The 14-speaker, 550 watt Harmon Kardon Logic 7 sound system includes an in-dash CD changer, MP3-player interface, and separate controls for front and rear passengers allowing them to listen to different music.

Range Rover engine power traditionally lags behind what is really needed to get to the head of the pack among SUVs. The Sport model is designed to address that deficit, and goes a good way towards doing so. The supercharged version can even keep up with a Jeep Grand Cherokee Overland on the drag strip, getting to 60mph in 7.2 seconds, and is probably far better in overall handling.

The 140 mph top speed of the supercharged model is impressive. The lesser engines are still no slugs — the 4.4 litre V8 model has a top speed of 130, and a 0-60 time of 8.2 seconds, while even the diesel version can do 120, but is a bit more leisurely in acceleration, making it to 60 in 11.9 seconds.

In tune with the Range Rover Sport’s on-road cachet, a clever new adaptive cruise control allows the driver to keep a set distance behind the vehicle in front. The smart steering system varies power assistance level and thereby steering feel according to speed. Dynamic Stability Control system helps keep the enthusiastic driver out of trouble by intervening to save your life when a wheel threatens to lift off the pavement while negotiating a bend at 130 mph. The system monitors cornering forces and senses when a wheel is about to lift off.

It can apply corrective action such as limiting throttle input, activating or deactivating sway bars, and selectively applying braking forces to one or more wheels. The system also acts on the anti-sway bars to improve body control in corners; the bars are decoupled on the straights for greater ride comfort and off-road for maximum wheel articulation — another advance in Range Rover suspension design innovation. It can be switched off if the driver prefers.

Adaptive headlamps are connected to the steering so they can swivel to preview what is around the bend, like the old Citroen DS21 of the 1970’s.

In an initial road test. the ride was reported to be superb at high speed, but a bit firm and fidgety on poor surfaces, indicating that the engineers have not yet mastered the art of providing the velvet ride quality of the Classic in an updated form, but this model is clearly aimed at the sports enthusiast who probably will not mind.

Off road ability is the one area where skeptics of the new Range Rover Sport may still need convincing. First the bad news: even though a vehicle might incorporate every technological aid known to man, in real-life off roading there is no substitute for adequate ground clearance. Here the Sport is slightly handicapped in comparison with Land Rover’s traditionally excellent standards.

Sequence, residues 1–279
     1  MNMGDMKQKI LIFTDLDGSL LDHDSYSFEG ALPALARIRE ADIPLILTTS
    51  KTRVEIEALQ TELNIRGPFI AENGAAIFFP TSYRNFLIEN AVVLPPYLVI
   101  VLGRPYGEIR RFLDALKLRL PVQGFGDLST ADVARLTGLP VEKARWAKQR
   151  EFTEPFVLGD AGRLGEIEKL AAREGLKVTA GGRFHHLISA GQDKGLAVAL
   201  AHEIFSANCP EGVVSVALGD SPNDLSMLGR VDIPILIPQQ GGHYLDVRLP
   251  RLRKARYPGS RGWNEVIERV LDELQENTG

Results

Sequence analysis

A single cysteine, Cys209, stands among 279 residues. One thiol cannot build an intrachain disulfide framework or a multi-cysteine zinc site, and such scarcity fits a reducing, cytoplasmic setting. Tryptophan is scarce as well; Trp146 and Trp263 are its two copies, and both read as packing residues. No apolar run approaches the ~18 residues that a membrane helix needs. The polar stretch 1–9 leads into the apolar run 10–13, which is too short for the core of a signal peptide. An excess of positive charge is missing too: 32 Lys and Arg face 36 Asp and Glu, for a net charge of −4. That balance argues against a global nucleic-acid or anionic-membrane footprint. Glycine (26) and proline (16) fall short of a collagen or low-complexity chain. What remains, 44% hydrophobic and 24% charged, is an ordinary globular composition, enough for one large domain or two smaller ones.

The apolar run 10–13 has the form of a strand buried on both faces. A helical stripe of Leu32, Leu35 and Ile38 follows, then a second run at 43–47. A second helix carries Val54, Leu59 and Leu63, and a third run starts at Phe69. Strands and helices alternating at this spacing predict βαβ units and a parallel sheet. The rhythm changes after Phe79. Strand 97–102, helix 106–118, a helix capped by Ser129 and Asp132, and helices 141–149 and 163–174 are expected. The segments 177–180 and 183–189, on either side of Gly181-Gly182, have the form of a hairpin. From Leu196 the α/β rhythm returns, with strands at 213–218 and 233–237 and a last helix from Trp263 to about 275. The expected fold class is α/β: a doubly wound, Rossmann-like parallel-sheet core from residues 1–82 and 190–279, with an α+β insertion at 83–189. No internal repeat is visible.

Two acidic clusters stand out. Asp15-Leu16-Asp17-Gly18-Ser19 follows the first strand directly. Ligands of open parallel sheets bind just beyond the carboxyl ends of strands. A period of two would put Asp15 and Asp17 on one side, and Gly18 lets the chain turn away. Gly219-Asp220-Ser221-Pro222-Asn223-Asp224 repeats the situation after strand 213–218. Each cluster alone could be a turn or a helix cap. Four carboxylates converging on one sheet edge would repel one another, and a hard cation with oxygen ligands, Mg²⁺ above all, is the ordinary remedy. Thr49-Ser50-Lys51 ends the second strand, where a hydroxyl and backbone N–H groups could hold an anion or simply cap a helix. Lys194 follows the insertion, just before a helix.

As pointed out above, its clearance and ramp break over angle do not compare favorably to previous Range Rovers and Land Rovers (we can leave out of consideration here the Freelander which, with its 7.3 inch ground clearance, came … last in off-road ability in the 2002 Four Wheeler of the Year contest).

The good news is that in every area except ultimate clearance, the Sport has remarkably good off road attributes. It is built like a tank, as indicated by its massive weight, and the sturdy underpinnings will easily withstand the harsh treatment of real off road driving.

Approach and departure angles (34 and 29 degrees respectively) are very good, and the designers have done a great job of shaping the rear end so there are no protruding pieces such as an exhaust tip that will get broken off when exiting a deep ditch or washout. ( Photo at left courtesy of Stephan Schumacher ). Unfortunately, on the supercharged model you get bonus chrome exhaust tips that do protrude (see photo in Overview section above), but they could probably be removed. The spare tire is mounted under the rear end, and for serious off road trips one might want to move it so it won’t get damaged. However it is notable that a full-sized spare is provided, in contrast to its competitors which come with a space-saver version that you wouldn’t like to have to use on a 4WD road — in my experience the most likely place to et a flat.

This highlights the difference between the Sport and the Cayenne and its ilk — the latter do not have serious off-road capability.

Wheel travel is very respectable, and the various aids to traction such as the electronic traction control and the suspension cross-coupling are a big help. The various traction aids make it superior on slick mud, snow and ice, and all that horsepower is a real boon on sand. Measured by the standards of competing models such as a Jeep Grand Cherokee, the Sport is superior in all off road attributes and should have no problem leaving them in the dust (or mud). It will have even less trouble from the BMW and Mercedes pseudo-SUVs that are its main market competitors. Unlike them, it can even be ordered with a factory winch accessory.

It is only when compared with the high standards set by other Land Rover vehicles that it falls slightly short.

Land Rover Range Rover Sport

Overall, it is heartening that the route taken by the Freelander was not followed in the Range Rover Sport. Compared to that vehicle, the new model is infinitely better off road, and only falls slightly short of its sister Range Rover and Discovery/LR3 models. Certainly, the average driver will be surprised at where it can go — only experienced off-road drivers will occasionally run up against its ground clearance limitations in certain situations encountered on rocky trails, crossing berms and ditches, etc.

For those wanting to further improve the off road performance of the Sport, it is good to know that the 255/55R19 Goodyear MT/R tires used on the Range Rover in Land Rover’s recent G4 Challenge should fit perfectly. At this point it is unknown whether or when a winch will become available for the Sport — stay tuned!